bertmoog

Matching teak veneer with solid

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I've tried searching for advice on how to match veneer with solid wood (when finishing) and most of the time (maple, cherry, walnut, etc.) the veneer and the solid that they start with look almost identical.  In my case, the veneer and solid look nothing alike.  I ordered quarter sawn teak veneer online and when I received it, the color looks nothing like the beautiful, solid teak I had. 

The image is after applying one coat of teak oil to each. As you can see, the solid is an orangey, golden brown, with a nice range of detail and color just like I have always seen teak.  The veneer is a strange tan looking color with little variation.

I sat the veneer outside in the sun for a day and then compared it with a control piece.  Almost no change at all, maybe a shade darker.  I'm sure the veneer was cut from plantation teak, but I really didn't expect the stark difference.  Was hoping to do a wipe-on oil finish with no staining because I love the look of teak, but it seems I won't be able to get away with that.

I was told that this was the best place to come for intelligent and experienced advice, I would very appreciate any ideas on how to proceed with trying to match these color-wise.  Thank you so much.

teak.jpg

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Such is one of the challenges when using veneer. I suggest spraying very dilute dye in successive coats until things match up. On scraps of course.

I've had success with tinting shellac & brushing it on to match colors also.

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I suspect that the difference has to do with grain than anything else. The quarter sawn on the right looks nothing like the sample on the left  because it is not quarter sawn but, either flat (plain) sawn or rift cut. It is not unusual for wood of the same species from different different trees to look different. Even so, there is a very distinct difference between quarter sawn and flat sawn.  Get some flat or plane sawn veneer and they will look more similar.

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Since you alrady have oil on both pieces you are somewhat limited in fixing yout color problem.  A pentrating stain will probably not work since the oil has dealed the wood.  I think that using transtint dye in shellac, as Drzaius suggested might work.  You will need a scrap piece of the veneer to use as a test piece.  You can make a light color darker but not the opposite.  It appears that the veneer is a cooler (greener color) so I would start with a bownish red warmer color) dye.   Use just a little at a time and sneak up on your color.  Be sure to measure the amount of shellac and count the number of drop of dye that you add so you can duplicate it once you find the right recipe.  You may need red and black, too.  This is an art, not a science.  Start with a clear coat of dewaxed shellac first after the tung oil has completely dried.  Good luck.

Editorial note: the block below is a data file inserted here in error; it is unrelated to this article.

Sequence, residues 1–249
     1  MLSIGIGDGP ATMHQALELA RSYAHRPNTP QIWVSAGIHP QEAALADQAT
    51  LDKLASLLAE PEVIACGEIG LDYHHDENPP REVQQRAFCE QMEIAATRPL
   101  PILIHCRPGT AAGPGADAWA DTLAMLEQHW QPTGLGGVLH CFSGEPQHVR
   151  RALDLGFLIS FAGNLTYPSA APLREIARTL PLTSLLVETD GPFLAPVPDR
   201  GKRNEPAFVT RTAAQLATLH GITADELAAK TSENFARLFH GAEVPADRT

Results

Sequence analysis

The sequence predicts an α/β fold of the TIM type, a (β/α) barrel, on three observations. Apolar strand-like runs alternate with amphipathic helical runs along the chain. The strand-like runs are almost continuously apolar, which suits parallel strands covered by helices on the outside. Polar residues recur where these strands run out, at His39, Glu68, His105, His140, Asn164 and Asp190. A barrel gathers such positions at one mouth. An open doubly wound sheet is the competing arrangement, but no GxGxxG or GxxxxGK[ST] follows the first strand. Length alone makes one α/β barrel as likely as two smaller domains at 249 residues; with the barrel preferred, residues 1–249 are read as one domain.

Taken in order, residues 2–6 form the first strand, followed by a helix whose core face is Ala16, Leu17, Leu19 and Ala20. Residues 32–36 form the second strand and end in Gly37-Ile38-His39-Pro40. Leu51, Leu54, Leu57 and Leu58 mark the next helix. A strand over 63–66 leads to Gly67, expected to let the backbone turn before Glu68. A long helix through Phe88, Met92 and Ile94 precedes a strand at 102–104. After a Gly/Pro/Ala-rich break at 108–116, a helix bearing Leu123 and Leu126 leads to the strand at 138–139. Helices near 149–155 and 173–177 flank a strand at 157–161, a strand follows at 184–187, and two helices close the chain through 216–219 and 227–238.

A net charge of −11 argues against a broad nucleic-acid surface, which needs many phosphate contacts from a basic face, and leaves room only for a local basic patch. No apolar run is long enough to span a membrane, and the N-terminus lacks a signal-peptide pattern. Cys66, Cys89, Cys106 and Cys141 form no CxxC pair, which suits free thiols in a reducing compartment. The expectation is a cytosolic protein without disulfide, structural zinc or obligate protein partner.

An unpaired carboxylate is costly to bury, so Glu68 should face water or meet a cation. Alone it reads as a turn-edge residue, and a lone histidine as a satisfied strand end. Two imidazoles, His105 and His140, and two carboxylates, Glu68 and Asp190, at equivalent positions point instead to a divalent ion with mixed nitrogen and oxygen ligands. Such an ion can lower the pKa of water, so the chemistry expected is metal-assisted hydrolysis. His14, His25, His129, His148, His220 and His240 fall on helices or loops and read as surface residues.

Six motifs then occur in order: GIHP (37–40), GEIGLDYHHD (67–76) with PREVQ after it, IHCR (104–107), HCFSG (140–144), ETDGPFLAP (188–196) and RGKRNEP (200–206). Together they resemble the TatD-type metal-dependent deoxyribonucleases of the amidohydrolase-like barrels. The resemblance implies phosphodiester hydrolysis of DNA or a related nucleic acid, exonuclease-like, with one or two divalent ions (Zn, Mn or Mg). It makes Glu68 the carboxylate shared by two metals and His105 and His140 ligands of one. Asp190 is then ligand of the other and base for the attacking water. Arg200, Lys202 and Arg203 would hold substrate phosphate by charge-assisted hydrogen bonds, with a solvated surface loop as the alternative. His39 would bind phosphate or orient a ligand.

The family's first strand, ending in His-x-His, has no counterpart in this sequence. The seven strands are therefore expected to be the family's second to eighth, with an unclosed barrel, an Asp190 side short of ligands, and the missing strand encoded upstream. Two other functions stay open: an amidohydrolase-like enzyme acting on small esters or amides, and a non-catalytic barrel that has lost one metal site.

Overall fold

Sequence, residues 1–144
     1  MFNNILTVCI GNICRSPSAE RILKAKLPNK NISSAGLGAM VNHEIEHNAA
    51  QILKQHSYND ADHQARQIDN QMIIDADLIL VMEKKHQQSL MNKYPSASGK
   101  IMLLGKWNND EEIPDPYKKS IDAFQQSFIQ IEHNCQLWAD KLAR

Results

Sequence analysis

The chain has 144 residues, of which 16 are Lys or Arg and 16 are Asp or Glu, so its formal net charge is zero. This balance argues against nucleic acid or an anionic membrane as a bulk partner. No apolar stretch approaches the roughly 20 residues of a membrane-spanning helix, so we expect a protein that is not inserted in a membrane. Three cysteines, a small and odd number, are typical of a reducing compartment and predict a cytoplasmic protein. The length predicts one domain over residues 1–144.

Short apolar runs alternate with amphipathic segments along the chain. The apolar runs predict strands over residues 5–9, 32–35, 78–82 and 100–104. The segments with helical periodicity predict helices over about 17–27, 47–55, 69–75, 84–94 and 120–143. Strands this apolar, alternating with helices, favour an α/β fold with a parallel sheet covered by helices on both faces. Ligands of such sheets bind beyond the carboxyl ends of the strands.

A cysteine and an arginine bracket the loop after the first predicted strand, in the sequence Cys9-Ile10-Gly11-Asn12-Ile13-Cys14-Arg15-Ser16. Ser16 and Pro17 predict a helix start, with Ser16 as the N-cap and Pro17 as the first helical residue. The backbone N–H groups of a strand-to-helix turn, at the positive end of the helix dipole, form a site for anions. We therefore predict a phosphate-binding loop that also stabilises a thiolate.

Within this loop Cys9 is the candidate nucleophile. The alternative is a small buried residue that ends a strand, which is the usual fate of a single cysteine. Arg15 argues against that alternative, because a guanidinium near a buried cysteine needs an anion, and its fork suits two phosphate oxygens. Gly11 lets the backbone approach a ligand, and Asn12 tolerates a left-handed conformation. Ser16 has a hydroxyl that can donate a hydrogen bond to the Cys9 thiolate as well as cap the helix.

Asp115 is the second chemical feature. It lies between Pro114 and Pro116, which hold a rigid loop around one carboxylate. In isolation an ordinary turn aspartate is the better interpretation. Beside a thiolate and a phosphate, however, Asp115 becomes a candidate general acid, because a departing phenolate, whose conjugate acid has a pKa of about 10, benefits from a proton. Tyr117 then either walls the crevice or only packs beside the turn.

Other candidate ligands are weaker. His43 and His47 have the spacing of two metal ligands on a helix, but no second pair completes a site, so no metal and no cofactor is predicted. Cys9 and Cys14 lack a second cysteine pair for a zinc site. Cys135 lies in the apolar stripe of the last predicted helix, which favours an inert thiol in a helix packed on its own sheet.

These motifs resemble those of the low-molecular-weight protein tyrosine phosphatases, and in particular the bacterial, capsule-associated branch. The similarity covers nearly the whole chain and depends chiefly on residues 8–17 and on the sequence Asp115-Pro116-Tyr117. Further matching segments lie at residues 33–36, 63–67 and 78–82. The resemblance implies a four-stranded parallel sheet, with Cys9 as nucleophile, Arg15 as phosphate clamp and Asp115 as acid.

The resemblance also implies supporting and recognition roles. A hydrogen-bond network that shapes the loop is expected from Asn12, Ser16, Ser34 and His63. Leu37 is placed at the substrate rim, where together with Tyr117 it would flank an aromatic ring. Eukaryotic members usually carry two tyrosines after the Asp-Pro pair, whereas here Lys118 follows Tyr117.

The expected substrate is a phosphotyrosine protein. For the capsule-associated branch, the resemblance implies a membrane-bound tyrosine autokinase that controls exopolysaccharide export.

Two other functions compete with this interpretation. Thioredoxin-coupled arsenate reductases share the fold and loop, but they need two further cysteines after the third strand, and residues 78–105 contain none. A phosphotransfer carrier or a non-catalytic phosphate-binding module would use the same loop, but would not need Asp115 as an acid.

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13 hours ago, Ronn W said:

Since you alrady have oil on both pieces

I'm sorry, I should've been more clear.  These are just scraps for testing the oil on.  Building two speaker cabinets that have the [raw] veneer on the sides and will have solid wood top and bottom caps and solid legs.  Yes the veneer is a greener color especially when raw.  I really thought the sun would even it out.  Thanks so much for the advice.  I guess artificial color is the only way.

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Information on teak color change.

https://www.mcilvain.com/teak-decking-color-changes/

Another thing to keep in mind is that all wood is a natural product and is going to have color variation from one board to another. Even in the same tree wood will exhibit color variation. The odds are higher that the veneer is from an old growth Forrest and the boards are from the plantation stock. Though plantation lumber is a good thing as it's given optimal conditions to grow under and the forests undergo proper maintenance to allow for better lumber with fewer defects.

If you wan your color to match perfectly veneer the other parts of your work with the same veneer that you are using for the cabinet. You can mess around with dyes but they will adjust and alter how the wood changes color with time and will probably make the 10 year result uneven. The other option is to accept that wood is a natural product and contains various colors and appreciate it's natural beauty. If you want a man made manufactured look a natural product may not be the best choice.

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On 10/24/2019 at 12:16 PM, bertmoog said:

'm sorry, I should've been more clear.  These are just scraps for testing the oil on.  Building two speaker cabinets that have the [raw] veneer on the sides and will have solid wood top and bottom caps and solid legs.  Yes the veneer is a greener color especially when raw.  I really thought the sun would even it out.  Thanks so much for the advice.  I guess artificial color is the only way.

No oil yet.  This means that you could use stain to color the light piece.  I am not sure if you can then apply the oil after the stain is dry.

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On 10/25/2019 at 1:36 PM, Ronn W said:

I am not sure if you can then apply the oil after the stain is dry.

Right.  This is what I'm trying to figure out currently (can't test now, at work).  Since teak is oily to begin with, and this is a thin piece of veneer, much of the stain may remain on the surface even after wiping.  The soilds might re-dissolve and get displaced with the oil coat.

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